The first seal (Rev. 6:1-2)
Previously – Blessing, honor, glory and dominion (Rev. 5:13-14)
Rev. 6:1 – Then I saw the Lamb open one of the seven seals, and I heard one of the four living creatures say with a voice like thunder, “Come!” 2I looked, and there was a white horse. The horseman on it had a bow; a crown was given to him, and he went out as a victor to conquer (HCSB).
The opening of the first seal prompts the widest divergence of interpreters’ viewpoints of Revelation thus far. The preterist, historicist, futurist, and idealist now follow their own paths that will not meet again until the final chapters of this apocalyptic text:
- Preterists see the seal, bowl and trumpet judgments as fulfilled in the first centuries of the church age, either at the fall of Jerusalem in 70 A.D. or at both the fall of Jerusalem and later at the fall of Rome in the fifth century.
- Historicists view these events as unfolding throughout the course of history, generally equating the papal system of Reformation times with the Apostle John’s vision of the Antichrist.
- Futurists argue that the events of Revelation are largely unfulfilled, especially chapters 4-22. More specifically, many see the opening of the first seal as the beginning of a seven-year tribulation period, to be followed by the return of Christ.
- Idealists see these chapters setting forth timeless truths concerning the battle between good and evil – a battle that continues throughout the church age.
- Meanwhile, a fifth group of interpreters, the eclectics, gleans the strengths of the other four views while avoiding their pitfalls.
While this study avoids championing any of these views to the exclusion of the others, or getting bogged down in interpretive squabbles, it does attempt to draw out of the text clear truths that speak to first-century readers as well as to us today. With that in mind, let’s proceed cautiously as we join John in witnessing the opening of the first seal.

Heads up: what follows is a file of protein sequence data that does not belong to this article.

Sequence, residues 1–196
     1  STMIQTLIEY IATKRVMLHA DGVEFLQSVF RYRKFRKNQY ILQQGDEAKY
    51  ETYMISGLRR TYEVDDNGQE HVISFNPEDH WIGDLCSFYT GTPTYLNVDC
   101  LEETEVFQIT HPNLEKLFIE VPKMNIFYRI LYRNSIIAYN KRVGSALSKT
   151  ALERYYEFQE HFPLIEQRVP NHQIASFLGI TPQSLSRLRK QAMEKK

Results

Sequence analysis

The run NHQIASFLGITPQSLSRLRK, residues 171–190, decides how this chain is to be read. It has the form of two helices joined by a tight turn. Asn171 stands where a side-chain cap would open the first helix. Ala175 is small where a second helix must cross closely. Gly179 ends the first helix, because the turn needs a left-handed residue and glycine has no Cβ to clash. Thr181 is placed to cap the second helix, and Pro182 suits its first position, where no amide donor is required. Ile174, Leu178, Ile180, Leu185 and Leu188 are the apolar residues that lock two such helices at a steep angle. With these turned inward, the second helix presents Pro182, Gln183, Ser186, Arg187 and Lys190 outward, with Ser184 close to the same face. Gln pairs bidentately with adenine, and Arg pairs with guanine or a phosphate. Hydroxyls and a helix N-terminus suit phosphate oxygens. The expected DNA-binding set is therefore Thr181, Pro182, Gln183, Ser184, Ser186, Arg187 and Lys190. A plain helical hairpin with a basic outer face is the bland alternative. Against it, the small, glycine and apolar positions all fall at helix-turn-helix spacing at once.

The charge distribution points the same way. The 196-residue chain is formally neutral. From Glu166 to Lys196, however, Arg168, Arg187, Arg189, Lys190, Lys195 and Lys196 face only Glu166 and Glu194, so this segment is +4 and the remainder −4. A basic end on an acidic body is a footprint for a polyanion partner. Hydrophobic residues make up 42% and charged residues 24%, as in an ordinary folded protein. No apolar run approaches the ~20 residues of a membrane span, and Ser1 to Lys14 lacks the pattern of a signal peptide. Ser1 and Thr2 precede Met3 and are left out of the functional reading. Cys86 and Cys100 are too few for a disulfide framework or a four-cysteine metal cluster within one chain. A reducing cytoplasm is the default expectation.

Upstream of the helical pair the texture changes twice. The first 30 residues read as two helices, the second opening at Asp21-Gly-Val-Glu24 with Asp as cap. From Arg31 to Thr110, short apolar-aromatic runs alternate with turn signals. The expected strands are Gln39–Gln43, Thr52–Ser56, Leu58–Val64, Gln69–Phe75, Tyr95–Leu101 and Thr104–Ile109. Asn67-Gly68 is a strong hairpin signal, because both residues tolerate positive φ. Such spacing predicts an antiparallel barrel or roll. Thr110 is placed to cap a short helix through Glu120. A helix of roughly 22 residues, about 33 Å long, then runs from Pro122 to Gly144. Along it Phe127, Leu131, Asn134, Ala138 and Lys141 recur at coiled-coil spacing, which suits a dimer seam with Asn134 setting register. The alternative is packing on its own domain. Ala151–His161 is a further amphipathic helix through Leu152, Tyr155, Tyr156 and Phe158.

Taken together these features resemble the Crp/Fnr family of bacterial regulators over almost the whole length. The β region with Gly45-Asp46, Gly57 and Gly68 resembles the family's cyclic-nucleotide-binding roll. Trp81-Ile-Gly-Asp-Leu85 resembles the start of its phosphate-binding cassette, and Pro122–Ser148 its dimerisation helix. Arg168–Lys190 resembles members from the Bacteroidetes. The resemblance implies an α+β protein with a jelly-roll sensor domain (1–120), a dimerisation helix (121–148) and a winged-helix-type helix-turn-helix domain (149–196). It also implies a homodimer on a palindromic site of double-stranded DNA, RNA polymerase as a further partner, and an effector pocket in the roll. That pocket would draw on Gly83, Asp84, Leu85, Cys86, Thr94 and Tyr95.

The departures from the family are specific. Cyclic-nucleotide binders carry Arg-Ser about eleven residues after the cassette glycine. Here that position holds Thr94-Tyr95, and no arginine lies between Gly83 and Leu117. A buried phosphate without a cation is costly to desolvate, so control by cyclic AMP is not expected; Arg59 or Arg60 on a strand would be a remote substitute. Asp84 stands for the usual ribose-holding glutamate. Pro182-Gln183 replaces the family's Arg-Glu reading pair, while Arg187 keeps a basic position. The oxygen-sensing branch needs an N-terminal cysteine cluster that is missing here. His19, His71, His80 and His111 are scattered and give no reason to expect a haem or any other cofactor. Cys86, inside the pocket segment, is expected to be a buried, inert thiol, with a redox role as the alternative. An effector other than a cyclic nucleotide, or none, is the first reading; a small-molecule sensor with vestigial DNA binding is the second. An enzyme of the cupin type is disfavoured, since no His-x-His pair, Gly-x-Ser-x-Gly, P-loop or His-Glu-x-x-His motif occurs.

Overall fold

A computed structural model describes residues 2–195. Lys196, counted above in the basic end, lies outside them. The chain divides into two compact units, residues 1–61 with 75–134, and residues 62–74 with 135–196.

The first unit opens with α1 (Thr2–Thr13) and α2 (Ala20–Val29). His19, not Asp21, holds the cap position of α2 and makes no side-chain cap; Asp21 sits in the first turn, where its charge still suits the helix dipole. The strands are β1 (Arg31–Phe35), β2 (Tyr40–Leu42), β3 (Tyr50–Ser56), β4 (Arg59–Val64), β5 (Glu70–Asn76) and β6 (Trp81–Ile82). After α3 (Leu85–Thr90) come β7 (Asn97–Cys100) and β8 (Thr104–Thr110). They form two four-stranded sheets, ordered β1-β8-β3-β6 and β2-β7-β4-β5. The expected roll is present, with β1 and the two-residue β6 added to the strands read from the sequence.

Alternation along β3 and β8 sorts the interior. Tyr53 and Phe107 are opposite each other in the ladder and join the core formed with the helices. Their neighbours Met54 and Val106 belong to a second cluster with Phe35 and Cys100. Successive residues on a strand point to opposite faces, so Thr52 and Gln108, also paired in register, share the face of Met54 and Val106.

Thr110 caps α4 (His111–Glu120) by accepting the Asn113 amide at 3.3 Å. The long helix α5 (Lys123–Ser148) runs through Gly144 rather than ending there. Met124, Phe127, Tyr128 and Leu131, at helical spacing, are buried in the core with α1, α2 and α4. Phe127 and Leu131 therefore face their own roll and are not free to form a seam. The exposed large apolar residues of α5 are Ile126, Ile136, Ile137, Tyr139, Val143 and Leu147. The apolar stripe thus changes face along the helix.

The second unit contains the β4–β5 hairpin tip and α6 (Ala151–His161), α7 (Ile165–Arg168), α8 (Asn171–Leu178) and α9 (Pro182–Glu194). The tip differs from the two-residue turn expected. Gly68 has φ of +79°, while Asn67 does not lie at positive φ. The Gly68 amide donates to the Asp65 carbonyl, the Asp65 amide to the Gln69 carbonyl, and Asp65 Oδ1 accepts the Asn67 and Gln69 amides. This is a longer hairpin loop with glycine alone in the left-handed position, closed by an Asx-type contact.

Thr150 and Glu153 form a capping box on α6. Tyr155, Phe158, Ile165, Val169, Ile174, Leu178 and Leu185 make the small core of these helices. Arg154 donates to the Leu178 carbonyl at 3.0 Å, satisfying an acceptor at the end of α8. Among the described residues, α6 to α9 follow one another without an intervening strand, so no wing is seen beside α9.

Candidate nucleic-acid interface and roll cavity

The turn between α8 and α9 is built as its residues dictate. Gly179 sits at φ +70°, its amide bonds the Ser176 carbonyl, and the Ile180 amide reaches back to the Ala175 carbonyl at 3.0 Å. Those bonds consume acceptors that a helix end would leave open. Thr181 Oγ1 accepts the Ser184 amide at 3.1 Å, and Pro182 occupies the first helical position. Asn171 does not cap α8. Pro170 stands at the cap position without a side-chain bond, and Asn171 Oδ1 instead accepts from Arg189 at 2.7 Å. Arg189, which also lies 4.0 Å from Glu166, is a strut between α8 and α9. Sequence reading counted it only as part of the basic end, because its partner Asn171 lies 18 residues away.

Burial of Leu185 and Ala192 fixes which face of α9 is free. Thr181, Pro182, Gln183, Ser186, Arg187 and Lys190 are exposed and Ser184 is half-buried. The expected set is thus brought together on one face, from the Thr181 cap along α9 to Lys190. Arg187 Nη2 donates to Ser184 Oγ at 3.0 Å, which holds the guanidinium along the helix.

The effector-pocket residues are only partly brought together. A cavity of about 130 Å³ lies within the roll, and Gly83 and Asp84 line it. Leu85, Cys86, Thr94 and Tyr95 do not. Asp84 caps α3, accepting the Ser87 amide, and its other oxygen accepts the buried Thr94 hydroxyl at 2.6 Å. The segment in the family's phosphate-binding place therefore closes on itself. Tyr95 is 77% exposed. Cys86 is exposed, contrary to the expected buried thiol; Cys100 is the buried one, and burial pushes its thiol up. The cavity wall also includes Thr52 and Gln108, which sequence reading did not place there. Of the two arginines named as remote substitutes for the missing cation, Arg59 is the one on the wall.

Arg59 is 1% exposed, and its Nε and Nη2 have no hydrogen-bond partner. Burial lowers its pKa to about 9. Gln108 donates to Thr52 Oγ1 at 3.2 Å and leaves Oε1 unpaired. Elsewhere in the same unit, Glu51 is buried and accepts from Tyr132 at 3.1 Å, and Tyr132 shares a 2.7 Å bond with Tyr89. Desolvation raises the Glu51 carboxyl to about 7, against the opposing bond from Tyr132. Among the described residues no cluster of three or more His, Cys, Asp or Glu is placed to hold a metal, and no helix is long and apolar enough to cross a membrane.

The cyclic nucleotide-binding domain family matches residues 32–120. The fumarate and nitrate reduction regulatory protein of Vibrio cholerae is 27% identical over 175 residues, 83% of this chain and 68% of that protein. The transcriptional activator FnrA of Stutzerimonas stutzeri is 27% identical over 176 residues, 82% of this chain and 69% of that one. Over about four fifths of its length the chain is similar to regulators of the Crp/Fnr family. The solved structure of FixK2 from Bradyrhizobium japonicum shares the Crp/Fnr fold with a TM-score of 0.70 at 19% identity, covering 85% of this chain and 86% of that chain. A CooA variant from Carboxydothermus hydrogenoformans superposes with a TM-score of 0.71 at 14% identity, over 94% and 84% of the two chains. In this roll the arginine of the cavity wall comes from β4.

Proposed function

The ESV Study Bible sets the stage: “As the vision of the Son of Man introduced edicts to seven churches (chs. 2–3), so the vision of the Lamb’s receiving the scroll (4:1–5:14) introduces a series of seven visions as the scroll’s seals are broken. These visions introduce instruments employed by the Lamb to bring his enemies to justice (seals 1–4), the rationale for his righteous wrath (seals 5 and 7), and the climax of judgment at history’s end (seal 6).”
As Jesus opens the first seal, it’s important to understand what is meant by the word “seal.” In this context, a seal likely is a piece of wax or clay that has been stamped with a ring or other metal object bearing the insignia of the owner. It identifies the one who has authorized what’s been written, and the seal may be broken only by the designated authority. Just as the Father is the Creator and sovereign Lord of the universe, the Lamb is worthy to take possession of the earth and exercise both judgment and reward because of His slaughter on our behalf (see Rev. 5:6, 9, 12). Likely, each seal, as it is broken, allows a portion of the scroll to be opened, until all seven seals are removed and the full message is revealed. Seals of a larger kind are placed on entrances to prevent the unauthorized from entering. There is, for example, a seal on the lion’s den into which Daniel is thrown (Dan. 6:17), and a seal over the sepulcher into which Jesus is laid following His crucifixion (Matt. 27:66). Neither of these seals is successful in fulfilling their purpose. But the breaking of the seals in Revelation 6 is in perfect accordance with the divine will and good pleasure of Almighty God.
Next – A white horse and his rider (Rev. 6:1-2)